In America today, most kids likely wish for an iPhone or another high-tech goodie for Christmas. But in 1940's Indiana, a certain Ralphie Parker very specifically wanted "an official Red Ryder carbine-action 200-shot range model air rifle with a compass in the stock, and this thing which tells time."
Ralphie (played by Peter Billingsley), of course, is the nine-year-old protagonist seemingly destined to shoot his eye out in 'A Christmas Story,' the madcap 1983 Christmas comedy about the salt-of-the-earth Parker family. But where is actor Billingsley and the rest of the cast and crew now? In honor of the holiday season, Moviefone tracked them down.
Peter Billingsley (Ralphie Parker)
Then: Before fist-fighting bullies on his quest for a BB gun as Ralphie Parker, Billingsley was a child actor in well over 100 TV commercials -- including him portraying Messy Marvin for Hershey's Chocolate Syrup. As the dumb-lucked Ralphie Parker, Billingsley delieverd one of the most famous child actor performances in film history. The image of him, with glasses and a smile on his face, getting pushed down a long slide by the boot of a stern department store Santa Claus is indelible.
Now: Billingsley has acted regularly his entire life, but much of his work recently has been on the other side of the camera. After striking up a friendship with Vince Vaughn in the 1990 made-for-TV movie 'CBS Schoolbreak Special: The Fourth Man' and subsequently friending Jon Favreau, Billingsley has gone on to produce several projects with them ('Dinner for Five,' 'Iron Man,' 'Four Christmases'). In 2009, he even directed his pals in the comedy 'Couples Retreat.'
Darren McGavin (Mr. Parker, aka The Old Man)
Then: Until 'A Christmas Story,' McGavin had been known primarily for his TV acting; he played the title roles on 'Mike Hammer' and 'Kolchak: The Night Stalker,' as well as a series regular on the western 'Riverboat.' McGavin stole scenes as the sailor-mouthed Parker pop, who was as delusional about his handiness with home appliances as he was about his own swearing, and in the end, he "heroically" buys the boy that air rifle.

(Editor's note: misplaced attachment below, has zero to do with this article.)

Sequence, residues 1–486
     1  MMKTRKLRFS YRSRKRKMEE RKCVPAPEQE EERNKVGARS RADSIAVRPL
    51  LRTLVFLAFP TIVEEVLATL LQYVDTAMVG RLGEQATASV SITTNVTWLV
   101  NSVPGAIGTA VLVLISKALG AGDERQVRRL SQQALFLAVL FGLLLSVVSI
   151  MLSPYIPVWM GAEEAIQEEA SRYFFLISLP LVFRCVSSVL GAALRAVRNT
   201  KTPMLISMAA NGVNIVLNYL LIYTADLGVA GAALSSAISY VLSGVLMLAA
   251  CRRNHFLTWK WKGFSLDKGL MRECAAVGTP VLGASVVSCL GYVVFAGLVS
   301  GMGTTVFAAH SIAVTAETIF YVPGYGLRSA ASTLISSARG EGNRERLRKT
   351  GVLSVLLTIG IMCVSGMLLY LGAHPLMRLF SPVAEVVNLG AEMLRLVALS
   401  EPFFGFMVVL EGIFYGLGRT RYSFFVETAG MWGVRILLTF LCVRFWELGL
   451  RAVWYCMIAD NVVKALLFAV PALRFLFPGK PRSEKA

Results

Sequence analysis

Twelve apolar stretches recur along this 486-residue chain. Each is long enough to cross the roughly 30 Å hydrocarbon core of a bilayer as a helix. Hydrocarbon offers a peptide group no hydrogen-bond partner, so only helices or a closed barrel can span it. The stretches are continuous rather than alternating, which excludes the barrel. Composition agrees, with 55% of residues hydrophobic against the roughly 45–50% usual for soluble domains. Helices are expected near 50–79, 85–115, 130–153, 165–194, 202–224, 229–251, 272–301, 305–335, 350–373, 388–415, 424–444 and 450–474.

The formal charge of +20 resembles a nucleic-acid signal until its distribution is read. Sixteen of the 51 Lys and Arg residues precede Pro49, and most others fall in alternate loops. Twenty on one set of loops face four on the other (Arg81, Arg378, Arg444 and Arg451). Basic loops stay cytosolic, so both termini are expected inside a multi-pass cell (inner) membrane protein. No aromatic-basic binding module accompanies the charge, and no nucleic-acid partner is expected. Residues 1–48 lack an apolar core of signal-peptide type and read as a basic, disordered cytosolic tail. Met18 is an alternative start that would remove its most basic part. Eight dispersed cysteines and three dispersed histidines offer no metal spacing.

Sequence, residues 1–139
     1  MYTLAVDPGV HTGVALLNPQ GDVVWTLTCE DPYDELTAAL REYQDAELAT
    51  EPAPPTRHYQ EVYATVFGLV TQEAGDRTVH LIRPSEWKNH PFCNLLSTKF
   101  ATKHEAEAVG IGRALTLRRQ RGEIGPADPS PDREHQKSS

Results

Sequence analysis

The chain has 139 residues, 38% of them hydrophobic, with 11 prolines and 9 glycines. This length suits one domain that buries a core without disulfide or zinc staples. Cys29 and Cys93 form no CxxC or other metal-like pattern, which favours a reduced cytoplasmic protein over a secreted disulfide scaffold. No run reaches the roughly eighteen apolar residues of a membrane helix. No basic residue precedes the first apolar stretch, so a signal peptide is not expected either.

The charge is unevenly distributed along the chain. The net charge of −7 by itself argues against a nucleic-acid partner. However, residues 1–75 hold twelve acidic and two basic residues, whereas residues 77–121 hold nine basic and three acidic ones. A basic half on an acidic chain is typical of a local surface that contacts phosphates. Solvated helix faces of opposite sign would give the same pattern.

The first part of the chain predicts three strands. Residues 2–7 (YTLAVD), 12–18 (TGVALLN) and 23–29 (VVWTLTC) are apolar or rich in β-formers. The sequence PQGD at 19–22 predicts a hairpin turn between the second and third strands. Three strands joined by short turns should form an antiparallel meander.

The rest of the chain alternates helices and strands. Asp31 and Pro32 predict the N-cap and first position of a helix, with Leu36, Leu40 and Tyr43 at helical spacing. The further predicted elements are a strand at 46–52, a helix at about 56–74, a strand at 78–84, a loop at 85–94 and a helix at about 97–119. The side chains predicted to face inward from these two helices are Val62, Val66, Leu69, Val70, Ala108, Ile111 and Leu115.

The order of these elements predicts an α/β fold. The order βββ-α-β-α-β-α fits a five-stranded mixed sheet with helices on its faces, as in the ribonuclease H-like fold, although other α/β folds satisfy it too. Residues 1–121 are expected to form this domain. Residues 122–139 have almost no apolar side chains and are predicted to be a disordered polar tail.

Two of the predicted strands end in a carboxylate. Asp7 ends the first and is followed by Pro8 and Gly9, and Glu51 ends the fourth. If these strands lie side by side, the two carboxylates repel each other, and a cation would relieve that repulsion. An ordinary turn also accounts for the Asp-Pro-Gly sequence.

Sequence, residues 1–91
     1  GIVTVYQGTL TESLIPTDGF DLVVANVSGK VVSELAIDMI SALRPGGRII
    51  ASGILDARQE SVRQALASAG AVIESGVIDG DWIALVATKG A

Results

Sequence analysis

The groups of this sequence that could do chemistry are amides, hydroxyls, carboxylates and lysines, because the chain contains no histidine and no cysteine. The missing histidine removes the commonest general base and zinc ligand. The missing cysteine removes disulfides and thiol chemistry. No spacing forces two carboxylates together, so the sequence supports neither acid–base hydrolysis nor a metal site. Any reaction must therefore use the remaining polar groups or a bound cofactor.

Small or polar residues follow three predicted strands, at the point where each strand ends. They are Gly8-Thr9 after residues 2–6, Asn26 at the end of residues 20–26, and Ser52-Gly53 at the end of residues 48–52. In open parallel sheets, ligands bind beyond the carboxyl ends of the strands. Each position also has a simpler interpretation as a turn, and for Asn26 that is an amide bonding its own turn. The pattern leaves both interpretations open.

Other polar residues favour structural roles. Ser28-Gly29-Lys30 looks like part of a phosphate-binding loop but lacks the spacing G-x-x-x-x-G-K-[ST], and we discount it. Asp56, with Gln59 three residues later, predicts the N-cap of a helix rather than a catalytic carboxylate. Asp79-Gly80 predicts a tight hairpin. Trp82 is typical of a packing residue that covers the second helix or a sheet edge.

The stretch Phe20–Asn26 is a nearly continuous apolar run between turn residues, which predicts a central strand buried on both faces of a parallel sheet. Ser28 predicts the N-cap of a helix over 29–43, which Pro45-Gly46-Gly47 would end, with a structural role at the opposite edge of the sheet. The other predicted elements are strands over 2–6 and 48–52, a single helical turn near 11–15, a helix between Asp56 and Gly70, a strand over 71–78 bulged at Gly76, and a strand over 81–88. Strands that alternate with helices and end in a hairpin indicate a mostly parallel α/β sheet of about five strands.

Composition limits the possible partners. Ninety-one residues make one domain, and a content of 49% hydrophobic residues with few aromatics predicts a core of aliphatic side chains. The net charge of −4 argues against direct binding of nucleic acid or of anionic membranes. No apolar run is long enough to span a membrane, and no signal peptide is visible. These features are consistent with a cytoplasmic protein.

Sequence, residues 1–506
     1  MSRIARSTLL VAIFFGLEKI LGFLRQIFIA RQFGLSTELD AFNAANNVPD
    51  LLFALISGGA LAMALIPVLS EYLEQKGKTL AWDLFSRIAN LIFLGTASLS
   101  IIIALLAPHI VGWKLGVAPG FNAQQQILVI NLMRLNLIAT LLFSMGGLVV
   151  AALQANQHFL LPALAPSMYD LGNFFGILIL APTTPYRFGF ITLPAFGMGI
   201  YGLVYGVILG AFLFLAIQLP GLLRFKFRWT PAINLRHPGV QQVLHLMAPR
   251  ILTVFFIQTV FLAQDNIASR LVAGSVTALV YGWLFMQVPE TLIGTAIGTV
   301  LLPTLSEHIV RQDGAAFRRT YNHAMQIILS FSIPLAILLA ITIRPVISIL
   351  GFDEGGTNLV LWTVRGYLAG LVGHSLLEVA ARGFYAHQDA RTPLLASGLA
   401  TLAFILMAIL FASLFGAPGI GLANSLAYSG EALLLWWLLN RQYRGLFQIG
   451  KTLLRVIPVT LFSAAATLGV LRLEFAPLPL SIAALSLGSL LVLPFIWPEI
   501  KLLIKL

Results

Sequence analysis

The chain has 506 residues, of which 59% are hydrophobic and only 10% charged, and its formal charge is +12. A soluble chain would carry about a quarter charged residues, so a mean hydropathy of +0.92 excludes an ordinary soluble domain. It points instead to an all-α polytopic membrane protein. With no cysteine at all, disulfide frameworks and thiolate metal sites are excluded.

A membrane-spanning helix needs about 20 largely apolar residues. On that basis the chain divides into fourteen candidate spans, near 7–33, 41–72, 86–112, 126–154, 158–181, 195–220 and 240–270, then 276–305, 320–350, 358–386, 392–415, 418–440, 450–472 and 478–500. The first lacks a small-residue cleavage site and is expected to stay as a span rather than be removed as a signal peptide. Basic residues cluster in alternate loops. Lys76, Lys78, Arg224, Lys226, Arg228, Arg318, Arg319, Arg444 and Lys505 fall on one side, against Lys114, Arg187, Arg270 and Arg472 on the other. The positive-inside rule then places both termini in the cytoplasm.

Now: McGavin continued to act in movies and TV until his death in 2006 at the age of 83. The highlight of this acting career (besides playing Adam Sandler's dad in 'Billy Madison') came in 1990 when McGavin was nominated for an Emmy Award for Outstanding Guest Actor in a Comedy Series for 'Murphy Brown.'
Melinda Dillon (Mrs. Parker)
Then: Melinda Dillon played the matriarch of the Parker family and the first to warn the main character that he could lose an eye with the infamous BB gun. Dillon's most acclaimed prior performances had come in two Oscar-nominated performances, in 'Close Encounters of the Third Kind' and 'Absence of Malice.' She had also earned as a Golden Globe nomination for the Woody Guthrie biopic 'Bound for Glory.'
Now: Dillon is largely a private person, but has continued to act. After 'A Christmas Story,' she appeared not only in 'Harry and the Hendersons' but also had a memorable role in Paul Thomas Anderson's 'Magnolia' as TV game show host Jimmy Gator's wife.
Ian Petrella (Randy Parker)
Then: Petrella's acting career had begun at age three but landing the role of Ralphie's younger brother, Randy, in 'A Christmas Story,' was his big break. Interestingly, while Petrella was not recognized immediately for his strong performance, two years later he was nominated for a Young Artist Award for the role.
Now: Petrella continued to act, and at 17, was the youngest member of the famous L.A. comedy troupe the Groundlings. Later, Ian discovered a love for puppetry, which he worked on and studied around the world. He also studied animation and continues cartooning to this day.
Scott Schwartz (Flick)
Then: Before being "triple dog dared" into licking a frozen flagpole as one of Ralphie's friends, Schwartz had made his film debut in the Richard Pryor and Jackie Gleason comedy 'The Toy.'
Now: In 1987, Schwartz, with his father, began managing a sports and movie memorabilia collectibles store ingeniously named Baseball Cards - Movie Collectibles Etc. After a questionable foray into adult films in the 1990s, Schwartz returned to the collectibles business and, in 2006, started a line of celebrity-based trading cards. He still appears in the odd direct-to-video movie.